One of the first things you notice when you begin a novel is the narrative style, which some may refer to as writing style or narrative structure.
I dislike a story told in the first person e.g. I went to the supermarket to buy tins of tomatoes but as the shelves were empty, I left without getting anything. Even more, I have a strong distaste for present tense which many contemporary authors, especially crime fiction, now seem to prefer. For example, I go to the supermarket… I leave without...
I read a novel recently where there the narrative style consisted of two narrators, each told in first person, present tense. It drove me mad, as on occasion, I had to check which character was telling the story. Not for me.
I have a preference for third party point of view, past tense and multiple POVs throughout the story, with a single POV per chapter. I keep chapters short. In “Lasting Scars” several chapters are less than one page, much like a scene in a movie.
Further, I am a three act, hero’s journey kind of writer, where the plot unfolds in linear fashion. Although, I am considering a non linear narrative style for “Five Dead in Richmond” on the advice of my editor. We shall see!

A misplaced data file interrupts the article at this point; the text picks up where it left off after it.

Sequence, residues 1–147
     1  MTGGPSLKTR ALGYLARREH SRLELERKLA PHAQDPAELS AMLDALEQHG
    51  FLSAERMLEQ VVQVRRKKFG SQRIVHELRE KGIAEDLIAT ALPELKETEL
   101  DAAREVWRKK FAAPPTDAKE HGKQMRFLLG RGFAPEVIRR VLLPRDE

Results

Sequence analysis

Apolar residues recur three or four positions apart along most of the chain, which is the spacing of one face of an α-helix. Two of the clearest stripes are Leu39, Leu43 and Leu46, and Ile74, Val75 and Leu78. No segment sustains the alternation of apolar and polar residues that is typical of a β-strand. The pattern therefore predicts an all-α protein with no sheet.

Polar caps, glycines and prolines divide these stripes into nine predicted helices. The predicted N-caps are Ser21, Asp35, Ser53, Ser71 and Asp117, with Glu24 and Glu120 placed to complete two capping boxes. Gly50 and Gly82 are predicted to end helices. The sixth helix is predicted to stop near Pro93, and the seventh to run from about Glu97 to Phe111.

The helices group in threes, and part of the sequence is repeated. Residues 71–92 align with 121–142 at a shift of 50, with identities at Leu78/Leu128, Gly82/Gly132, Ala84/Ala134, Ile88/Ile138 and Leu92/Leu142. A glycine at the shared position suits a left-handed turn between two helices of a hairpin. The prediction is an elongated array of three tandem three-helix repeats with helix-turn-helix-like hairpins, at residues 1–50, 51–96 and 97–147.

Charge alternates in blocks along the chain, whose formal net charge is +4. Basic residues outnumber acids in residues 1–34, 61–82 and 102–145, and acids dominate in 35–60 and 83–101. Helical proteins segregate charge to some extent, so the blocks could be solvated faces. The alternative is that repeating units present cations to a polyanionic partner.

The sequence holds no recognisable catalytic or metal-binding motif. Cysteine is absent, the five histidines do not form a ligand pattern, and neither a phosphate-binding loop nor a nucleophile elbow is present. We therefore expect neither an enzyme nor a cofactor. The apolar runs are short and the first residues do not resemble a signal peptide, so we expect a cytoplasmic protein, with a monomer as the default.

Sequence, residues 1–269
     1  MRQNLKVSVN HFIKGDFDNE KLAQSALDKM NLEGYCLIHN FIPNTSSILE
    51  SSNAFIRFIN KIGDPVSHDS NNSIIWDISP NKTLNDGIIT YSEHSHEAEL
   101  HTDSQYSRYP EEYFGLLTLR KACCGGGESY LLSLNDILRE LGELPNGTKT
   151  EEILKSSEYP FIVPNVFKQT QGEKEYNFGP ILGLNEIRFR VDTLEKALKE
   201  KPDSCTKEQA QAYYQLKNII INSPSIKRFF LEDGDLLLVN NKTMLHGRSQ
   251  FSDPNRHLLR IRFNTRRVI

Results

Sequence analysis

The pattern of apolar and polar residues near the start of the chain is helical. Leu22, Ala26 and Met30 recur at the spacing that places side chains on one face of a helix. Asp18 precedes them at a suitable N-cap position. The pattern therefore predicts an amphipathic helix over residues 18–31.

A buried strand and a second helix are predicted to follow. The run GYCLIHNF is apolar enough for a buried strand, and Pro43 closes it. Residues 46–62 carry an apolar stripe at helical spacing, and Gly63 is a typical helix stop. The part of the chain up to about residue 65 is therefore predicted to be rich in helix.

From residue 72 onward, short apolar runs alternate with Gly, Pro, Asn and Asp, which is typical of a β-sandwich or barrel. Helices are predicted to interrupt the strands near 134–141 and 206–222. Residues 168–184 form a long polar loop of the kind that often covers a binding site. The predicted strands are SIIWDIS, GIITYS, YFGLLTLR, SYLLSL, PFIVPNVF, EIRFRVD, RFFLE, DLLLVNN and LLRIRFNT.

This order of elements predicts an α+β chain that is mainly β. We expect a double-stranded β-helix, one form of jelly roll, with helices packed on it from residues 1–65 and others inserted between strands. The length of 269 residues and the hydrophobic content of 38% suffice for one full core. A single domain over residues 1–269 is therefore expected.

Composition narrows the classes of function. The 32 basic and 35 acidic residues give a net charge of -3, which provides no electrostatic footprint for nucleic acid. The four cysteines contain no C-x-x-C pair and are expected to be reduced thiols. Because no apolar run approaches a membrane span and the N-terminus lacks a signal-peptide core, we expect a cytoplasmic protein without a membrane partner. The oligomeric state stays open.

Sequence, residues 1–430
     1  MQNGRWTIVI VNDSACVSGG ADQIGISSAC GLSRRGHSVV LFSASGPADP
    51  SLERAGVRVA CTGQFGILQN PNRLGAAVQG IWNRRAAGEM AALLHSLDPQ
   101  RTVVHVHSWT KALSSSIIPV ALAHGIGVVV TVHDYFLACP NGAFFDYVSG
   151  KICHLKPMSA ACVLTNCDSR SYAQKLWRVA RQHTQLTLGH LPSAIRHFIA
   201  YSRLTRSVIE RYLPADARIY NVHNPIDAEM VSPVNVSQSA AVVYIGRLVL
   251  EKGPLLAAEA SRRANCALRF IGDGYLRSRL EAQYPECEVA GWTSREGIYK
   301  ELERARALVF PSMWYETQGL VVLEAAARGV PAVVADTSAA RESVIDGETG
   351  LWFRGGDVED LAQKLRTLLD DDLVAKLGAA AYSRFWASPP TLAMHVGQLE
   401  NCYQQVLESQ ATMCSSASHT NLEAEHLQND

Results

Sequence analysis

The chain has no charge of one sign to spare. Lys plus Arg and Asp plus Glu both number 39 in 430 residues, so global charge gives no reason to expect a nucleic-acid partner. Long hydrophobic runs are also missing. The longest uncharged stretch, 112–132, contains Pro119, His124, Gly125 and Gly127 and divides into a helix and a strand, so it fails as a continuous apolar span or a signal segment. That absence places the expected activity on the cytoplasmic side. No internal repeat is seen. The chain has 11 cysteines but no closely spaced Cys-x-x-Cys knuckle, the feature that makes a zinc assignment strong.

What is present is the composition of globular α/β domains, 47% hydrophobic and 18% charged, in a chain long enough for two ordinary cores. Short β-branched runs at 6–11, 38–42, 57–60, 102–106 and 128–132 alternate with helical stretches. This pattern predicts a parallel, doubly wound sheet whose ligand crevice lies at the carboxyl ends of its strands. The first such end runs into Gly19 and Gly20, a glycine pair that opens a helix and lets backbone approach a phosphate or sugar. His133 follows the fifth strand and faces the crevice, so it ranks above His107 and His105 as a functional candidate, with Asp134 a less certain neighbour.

I am not saying first person, present tense is wrong, or that one should disregard a novel for that reason, far from it. It’s just my preference. At least my CURRENT preference.
There are advantages to each narrative style, and a good story can be told in many ways but I like to think in terms of movies and how movies unfold in general – although there exceptions to everything.
I like the approach Quentin Tarantino uses in some of his movies – if I can bend the term narrative style a little to narrative structure – where he shows the same scene from several different view points. For example, the scene in the department store during Jackie Brown and also in Pulp Fiction where several scenes are show from different POVs. The non linear structure works brilliantly too!
I do like the idea of exploring a scene from several perspectives. I guess I’ll have to find a way to incorporate it into a future novel, in a manner that suits the story I will tell.
Until next time.